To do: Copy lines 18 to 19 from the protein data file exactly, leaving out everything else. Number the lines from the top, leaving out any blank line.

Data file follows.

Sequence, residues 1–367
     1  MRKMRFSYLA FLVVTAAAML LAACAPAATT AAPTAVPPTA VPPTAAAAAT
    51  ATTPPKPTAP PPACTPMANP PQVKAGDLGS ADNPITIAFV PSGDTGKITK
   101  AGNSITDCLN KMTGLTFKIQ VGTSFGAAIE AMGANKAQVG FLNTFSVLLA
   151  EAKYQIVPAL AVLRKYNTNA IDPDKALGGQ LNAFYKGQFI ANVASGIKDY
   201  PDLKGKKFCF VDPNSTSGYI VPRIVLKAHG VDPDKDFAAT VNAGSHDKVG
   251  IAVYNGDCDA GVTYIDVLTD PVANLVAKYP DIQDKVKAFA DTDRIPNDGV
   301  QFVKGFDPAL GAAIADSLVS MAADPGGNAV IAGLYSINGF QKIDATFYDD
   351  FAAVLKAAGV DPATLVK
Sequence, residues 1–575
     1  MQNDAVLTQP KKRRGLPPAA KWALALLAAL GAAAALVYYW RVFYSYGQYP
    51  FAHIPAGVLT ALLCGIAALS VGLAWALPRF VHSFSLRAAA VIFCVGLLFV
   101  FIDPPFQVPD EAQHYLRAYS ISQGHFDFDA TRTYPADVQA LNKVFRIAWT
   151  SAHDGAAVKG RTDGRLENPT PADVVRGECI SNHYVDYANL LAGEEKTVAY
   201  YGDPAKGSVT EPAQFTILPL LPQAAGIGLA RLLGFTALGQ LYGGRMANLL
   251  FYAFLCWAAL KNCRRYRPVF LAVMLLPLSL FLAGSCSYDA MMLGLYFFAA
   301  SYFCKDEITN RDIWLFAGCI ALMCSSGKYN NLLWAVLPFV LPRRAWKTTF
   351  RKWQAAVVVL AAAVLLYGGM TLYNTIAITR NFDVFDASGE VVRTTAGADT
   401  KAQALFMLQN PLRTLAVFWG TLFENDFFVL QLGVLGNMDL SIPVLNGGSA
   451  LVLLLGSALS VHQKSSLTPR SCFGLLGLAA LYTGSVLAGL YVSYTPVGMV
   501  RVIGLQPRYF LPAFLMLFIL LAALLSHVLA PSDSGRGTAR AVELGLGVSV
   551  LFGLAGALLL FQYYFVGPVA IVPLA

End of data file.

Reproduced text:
   351  RKWQAAVVVL AAAVLLYGGM TLYNTIAITR NFDVFDASGE VVRTTAGADT
   401  KAQALFMLQN PLRTLAVFWG TLFENDFFVL QLGVLGNMDL SIPVLNGGSA